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Celebrating Older Americans

Observed each May, Older Americans Month is an opportunity to celebrate aging and to spotlight issues unique to the age 65 and older population. Established in 1963 by President Kennedy as Senior Citizens Month, it was renamed Older Americans Month in 1980 by President Carter. In line with the 2007 national theme of “Making Choices for a Healthier Future”,1 As health care professionals, we may make the difference in whether people make choices that enhance or compromise their health and quality of life. Our professional responsibility includes providing consumer-friendly (e.g. understandable, appropriate, up-to-date) information to help older adults and their families take responsibility for their health. As Care Advocates, we essentially help older adults and families make informed choices that help them maintain a sense of independence, control and dignity.


The aging of Americans poses such a significant public health challenge to our nation that the Center for Disease Control and Prevention (CDC) has set a high priority on increasing the number of older adults who “live longer, high-quality, productive, and independent lives.” 2

Julie L. Gerberding, MD, MHP, Director CDC & Department of Health & Human Services


In order to address the impending challenges our national health care system faces, we must raise our awareness and understanding of the critical issues. The CDC’s Healthy People 2010 3 status update (2007) for The State of Aging and Health in America 4 initiative reveals that we are making progress in some areas but not hitting the targets in others. To speed up efforts to reduce behaviors that influence premature death and disability, the CDC report includes the following Calls to Action:


  1. Reach – Address Health Disparities Among Older Adults. Educate ourselves and others about the lack of ability to choose a healthier future available to minority older adults because of compromised access to health care then advocate, advocate, advocate! 
  2. Aging and End of Life Care – Encourage People to Communicate Their Wishes About End-of-Life Care. Professionals need to educate and advocate for older adults to take responsibility for protecting their own autonomy by addressing this most important choice. 
  3. Go4Life – Exercise & Physical Activity: Your Everyday Guide from the National Institute on Aging. Go4Life was designed to help adults 50 and older incorporate more exercise and physical activity into their daily lives. 
  4. Screen for Life – Increase Screening for Colorectal Cancer. An estimated 60% of cancer deaths could be prevented if people age 50 and older participated in regular screenings. Professionals need to recommend screening and educate older adults to make the choice for screening. 
  5. Falls Free Initiative – Prevent Falls. Falls are a significant cause for loss of independence, disability and death in the older adult population. Fall injuries are responsible for individual and societal burden, as well as trauma hospital admissions that strain our health care system. Educate ourselves and others about lifestyle choices that help reduce fall risk and assess client fall risk factors.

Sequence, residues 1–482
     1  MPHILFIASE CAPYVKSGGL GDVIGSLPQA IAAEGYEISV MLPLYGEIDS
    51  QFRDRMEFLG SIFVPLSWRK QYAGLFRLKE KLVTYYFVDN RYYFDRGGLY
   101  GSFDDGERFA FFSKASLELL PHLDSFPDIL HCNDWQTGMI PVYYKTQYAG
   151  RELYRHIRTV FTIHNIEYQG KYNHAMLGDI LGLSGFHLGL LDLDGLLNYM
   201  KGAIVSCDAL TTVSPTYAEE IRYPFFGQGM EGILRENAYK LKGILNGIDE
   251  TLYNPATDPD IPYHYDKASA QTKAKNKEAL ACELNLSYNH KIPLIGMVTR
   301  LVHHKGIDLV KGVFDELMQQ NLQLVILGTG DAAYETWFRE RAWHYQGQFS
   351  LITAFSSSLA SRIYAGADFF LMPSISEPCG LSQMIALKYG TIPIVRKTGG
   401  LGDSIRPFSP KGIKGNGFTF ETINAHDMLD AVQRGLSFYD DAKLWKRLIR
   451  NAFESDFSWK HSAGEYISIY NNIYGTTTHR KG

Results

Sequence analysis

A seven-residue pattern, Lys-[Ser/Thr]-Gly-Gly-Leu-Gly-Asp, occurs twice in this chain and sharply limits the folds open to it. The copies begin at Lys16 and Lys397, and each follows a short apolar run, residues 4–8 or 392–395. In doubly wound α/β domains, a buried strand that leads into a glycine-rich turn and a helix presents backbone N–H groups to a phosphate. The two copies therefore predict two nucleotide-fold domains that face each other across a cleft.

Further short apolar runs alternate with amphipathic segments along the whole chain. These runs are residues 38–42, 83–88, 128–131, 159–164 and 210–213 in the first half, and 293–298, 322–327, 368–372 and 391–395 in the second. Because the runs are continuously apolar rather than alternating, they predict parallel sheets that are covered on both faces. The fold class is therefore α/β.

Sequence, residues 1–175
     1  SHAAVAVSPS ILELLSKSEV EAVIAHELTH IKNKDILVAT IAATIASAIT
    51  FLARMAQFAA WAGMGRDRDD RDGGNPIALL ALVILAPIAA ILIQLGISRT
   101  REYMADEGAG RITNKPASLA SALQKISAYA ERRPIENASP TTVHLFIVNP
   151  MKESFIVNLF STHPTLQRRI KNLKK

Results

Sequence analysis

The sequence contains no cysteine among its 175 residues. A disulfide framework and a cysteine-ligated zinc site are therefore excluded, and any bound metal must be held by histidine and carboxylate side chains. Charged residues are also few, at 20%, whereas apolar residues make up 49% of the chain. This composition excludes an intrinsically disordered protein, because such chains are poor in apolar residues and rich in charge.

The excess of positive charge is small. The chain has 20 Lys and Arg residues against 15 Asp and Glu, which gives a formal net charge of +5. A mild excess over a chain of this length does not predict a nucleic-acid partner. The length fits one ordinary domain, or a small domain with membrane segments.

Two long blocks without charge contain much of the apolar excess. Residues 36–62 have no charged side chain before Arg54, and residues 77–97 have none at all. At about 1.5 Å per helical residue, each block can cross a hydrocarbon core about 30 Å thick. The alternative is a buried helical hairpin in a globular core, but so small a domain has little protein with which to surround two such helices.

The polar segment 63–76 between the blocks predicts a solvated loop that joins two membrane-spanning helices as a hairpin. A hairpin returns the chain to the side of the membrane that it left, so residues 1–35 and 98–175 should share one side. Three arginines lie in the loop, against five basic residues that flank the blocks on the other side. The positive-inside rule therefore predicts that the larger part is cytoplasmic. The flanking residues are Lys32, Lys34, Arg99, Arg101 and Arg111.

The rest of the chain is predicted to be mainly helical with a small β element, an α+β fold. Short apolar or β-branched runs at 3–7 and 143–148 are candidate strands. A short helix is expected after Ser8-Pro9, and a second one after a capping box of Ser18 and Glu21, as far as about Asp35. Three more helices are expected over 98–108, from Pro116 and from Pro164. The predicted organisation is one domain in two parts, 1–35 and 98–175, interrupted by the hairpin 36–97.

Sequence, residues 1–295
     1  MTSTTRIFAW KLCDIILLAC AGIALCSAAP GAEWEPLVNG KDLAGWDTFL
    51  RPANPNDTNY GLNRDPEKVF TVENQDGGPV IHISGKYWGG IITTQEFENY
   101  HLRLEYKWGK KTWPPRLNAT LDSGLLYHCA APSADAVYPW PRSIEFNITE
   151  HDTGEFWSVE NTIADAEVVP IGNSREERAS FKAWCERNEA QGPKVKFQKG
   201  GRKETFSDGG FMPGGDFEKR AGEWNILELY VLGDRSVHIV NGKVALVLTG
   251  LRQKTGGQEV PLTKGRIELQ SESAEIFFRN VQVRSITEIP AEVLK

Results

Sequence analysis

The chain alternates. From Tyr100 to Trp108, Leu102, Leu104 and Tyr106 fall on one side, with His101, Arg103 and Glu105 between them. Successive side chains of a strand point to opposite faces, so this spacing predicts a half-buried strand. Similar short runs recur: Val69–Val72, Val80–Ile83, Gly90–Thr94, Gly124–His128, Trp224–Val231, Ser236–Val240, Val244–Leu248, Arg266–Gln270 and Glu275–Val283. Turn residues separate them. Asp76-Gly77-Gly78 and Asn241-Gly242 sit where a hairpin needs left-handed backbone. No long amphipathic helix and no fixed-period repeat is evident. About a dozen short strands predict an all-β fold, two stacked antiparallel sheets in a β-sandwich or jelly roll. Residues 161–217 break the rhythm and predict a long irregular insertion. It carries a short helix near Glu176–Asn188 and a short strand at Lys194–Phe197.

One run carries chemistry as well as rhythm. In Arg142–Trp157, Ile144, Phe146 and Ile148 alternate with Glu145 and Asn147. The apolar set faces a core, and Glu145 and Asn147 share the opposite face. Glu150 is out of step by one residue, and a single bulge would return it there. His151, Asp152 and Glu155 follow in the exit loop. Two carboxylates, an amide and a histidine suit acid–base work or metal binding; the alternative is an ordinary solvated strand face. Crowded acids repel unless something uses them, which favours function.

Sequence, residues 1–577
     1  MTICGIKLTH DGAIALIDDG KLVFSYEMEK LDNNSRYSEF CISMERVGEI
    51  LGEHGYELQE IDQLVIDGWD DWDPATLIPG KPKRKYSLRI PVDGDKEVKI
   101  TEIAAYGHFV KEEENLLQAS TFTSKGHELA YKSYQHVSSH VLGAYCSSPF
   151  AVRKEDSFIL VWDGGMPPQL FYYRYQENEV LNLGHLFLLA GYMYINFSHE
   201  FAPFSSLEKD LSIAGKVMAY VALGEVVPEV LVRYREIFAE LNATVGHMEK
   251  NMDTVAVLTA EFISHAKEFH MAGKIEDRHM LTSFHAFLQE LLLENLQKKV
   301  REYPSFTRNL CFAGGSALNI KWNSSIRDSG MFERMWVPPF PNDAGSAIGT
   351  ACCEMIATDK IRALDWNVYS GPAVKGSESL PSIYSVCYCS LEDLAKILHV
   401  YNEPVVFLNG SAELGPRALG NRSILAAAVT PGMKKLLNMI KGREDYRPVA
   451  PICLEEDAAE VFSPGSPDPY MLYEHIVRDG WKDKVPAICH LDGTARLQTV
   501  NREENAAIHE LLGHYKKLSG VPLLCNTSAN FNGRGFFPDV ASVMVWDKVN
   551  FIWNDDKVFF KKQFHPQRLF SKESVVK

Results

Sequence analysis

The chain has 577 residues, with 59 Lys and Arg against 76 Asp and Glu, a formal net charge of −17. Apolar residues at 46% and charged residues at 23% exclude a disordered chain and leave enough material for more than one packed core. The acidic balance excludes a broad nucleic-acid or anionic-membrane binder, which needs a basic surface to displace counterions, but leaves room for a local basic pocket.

Health behavior choices need to be based on accurate information that includes promotion, prevention, and risk reduction strategies for chronic as well as acute illness. Health professionals are instrumental in sharing knowledge and advocating for the healthiest decisions. Although the responsibility for decisions and choices lies with each individual, it remains our choice as health care professionals to provide the needed information that may make the difference between healthy versus not-healthy choices.


“Smoking, poor diet, and physical inactivity were responsible for 35% of U.S. deaths in 2000 and often the basis for heart disease, cancer, stroke, and diabetes.”5

A healthier future for older Americans is within reach. We can make a difference in the lifestyle choices older adults make based on the decisions we as health professionals make to educate, encourage, motivate, and advocate. Choose wisely and well.

Eveyln’s Picks – Recommended Resources


  • Book: Brokaw, Tom. (2004). The Greatest Generation. New York: Random House Group. An insightful, inspiring work that celebrates our veterans.
  • Book: Schaie, K. Warner. (2002). Effective Health Behavior in Older Adults. New York: Springer Publishing, Inc. Provocative exploration of societal influences and health behaviors of older people.




  1. Administration on Aging.
  2. Center for Disease Control and Prevention.
  3. Healthy People 2010.
  4. Center for Disease Control and Prevention: The State of Aging and Health in America 2007.
  5. Ibid.

GERO GEMS is a monthly publication of the Center for Aging with Dignity. Compiled by Evelyn Fitzwater, this publication is designed to raise awareness of aging and related issues impacting health care professionals and our society as a whole.

For more information:

Go to the Senior Health health topic.